And fire departments are changing the way they fight micromobility lithium-ion battery fires, and their hazmat protocols for clean-up and disposal.

New York City has a unique critical mass of delivery gig workers on e-bikes and other micromobility devices powered by lithium-ion batteries. In 2022, the Fire Department of New York City (FDNY) reported 191 fires attributed to micromobility devices, including e-bikes, resulting in 140 injuries and, sadly, six deaths.

In the first two months of this year, lithium-ion batteries for micromobility devices, including e-bikes, were believed to be responsible for 22 fires, leading to 36 injuries and two deaths.

On February 27, Bicycle Retailer and Industry News (BRAIN) published an article about 25 FDNY fire protection inspectors, fire marshals and sheriff’s deputies inspecting bike shops, and finding “hundreds of battery charging, storage violations at shops.”

This was followed on March 1 by publication in BRAIN of an interview with Consumer Product Safety Commission Chair Alex Hoehn-Saric with the headline: CPSC: The industry’s 3-class e-bike framework is not part of our statutes.” HPS has offered the same opinion for months, but the industry has paid little attention until this interview.

The BRAIN article goes on to state: “When asked about regulating Class 3 e-bikes and e-MTBs, and “out-of-category” e-bikes, Hoehn-Saric said in a February e-mail exchange with BRAIN that, “I know there have been questions and confusion around jurisdiction of these products, so I want to take this opportunity to provide some clarity about where CPSC stands. First of all, the Class 1, Class 2, Class 3 framework is not part of CPSC’s statutes, so any assertion about our jurisdiction over an entire category is not accurate.Decisions about agency jurisdiction over e-bikes are made on a case-by-case analysis of the products.”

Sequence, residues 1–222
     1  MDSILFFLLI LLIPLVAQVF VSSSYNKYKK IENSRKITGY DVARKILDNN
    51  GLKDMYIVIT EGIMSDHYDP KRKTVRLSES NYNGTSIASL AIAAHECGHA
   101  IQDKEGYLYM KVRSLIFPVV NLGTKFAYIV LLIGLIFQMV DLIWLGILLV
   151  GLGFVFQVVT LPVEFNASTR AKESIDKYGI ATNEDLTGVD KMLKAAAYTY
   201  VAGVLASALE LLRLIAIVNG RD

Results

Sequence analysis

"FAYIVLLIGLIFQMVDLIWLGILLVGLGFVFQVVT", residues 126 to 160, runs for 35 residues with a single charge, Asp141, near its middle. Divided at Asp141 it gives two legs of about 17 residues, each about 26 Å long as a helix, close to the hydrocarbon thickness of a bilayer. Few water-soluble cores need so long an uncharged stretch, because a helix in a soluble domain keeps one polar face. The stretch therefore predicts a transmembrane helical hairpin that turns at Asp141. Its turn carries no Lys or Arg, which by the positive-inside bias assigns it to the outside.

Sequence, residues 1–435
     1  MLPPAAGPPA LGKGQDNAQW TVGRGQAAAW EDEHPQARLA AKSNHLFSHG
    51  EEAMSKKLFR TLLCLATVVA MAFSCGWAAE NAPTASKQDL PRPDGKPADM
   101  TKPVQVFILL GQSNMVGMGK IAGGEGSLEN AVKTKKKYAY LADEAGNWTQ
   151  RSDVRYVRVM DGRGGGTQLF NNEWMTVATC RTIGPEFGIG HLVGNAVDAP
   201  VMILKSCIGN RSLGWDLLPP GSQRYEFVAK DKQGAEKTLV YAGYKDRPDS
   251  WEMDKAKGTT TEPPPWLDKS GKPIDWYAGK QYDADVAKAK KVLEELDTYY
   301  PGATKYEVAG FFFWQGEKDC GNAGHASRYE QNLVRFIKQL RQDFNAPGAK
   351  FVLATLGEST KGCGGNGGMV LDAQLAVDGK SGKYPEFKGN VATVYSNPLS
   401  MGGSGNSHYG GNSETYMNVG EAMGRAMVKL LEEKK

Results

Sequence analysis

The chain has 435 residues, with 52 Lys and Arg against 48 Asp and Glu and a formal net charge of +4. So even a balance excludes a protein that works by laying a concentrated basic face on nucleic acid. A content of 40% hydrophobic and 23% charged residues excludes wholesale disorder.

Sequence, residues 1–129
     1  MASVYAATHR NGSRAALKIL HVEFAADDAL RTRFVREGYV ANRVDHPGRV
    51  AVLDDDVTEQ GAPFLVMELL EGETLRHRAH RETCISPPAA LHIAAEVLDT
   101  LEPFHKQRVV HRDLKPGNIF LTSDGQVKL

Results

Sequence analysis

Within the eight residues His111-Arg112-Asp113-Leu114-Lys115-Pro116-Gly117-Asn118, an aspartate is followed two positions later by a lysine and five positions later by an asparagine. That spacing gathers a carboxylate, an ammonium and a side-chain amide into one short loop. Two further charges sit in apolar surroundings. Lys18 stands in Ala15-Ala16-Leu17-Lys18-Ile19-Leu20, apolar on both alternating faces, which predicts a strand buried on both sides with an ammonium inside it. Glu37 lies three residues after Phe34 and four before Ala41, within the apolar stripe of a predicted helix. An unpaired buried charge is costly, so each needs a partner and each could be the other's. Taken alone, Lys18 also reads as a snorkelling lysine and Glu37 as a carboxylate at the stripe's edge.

On March 2 BRAIN announced: “NY City Council passes lithium-ion battery safety package.” The subhead states that: “E-bikes now need to meet UL 2849 or similar certification: batteries UL 2271.”

The city lithium-ion battery regulation is part of a package of five bills, and goes into effect six months after being signed into law by the mayor. Included is a requirement to develop a public education campaign on fire risks of e-bikes and e-scooters, and specific educational materials for delivery workers to be distributed by third-party delivery apps.

March 4 BRAIN published an article titled: “What New York’s e-bike law will mean to retailers,” quoting an interview and letter sent by Heather Mason, president of the NBDA, to members about the NY city lithium-ion battery safety package.

This is an insightful article that, among many other things, quotes Chris Nolte, a NY City bike shop owner, who has sold UL certified e-bikes exclusively for the last two years as stating: “… the new regulations will have a huge impact on the sellers of thousands of low-cost e-bikes used by food delivery workers in the city.”

Charlie McCorkell, owner of three Bicycle Habitat bike shops in NY City, is quoted as saying (among other things), “…to improve fire safety in the city, the federal government will need to enforce safety regulations at the import level.”

What is generally agreed on is that New York City is a trend setter, and the FDNY and City Council will be followed by other fire departments and municipalities, closely watched by the federal government, while changing the game.

Contact Jay Townley:


It’s Wednesday, January 11, and I am walking down an aisle of the CABDA West Expo with my long-time friend, and editor of this newsletter, Fred Clements. It’s the second day of the West Expo, and attendance is actually good for the second day. I ask Fred, “…what do you think of this first trade show of 2023?”

Fred’s response, “It is a sign of life!” I ask what he means. He responds, “It is a sign of life for bike shops after the pandemic.”

As I am getting ready to travel to CABDA East at the Meadowlands, just outside of New York City, I thought about this, and reflected on what I considered to be a well-attended CABDA Midwest Expo in February. I found myself agreeing that the CABDA trade shows, held during the first quarter of this year, are a strong sign of life for the bike shop channel of trade in the U.S.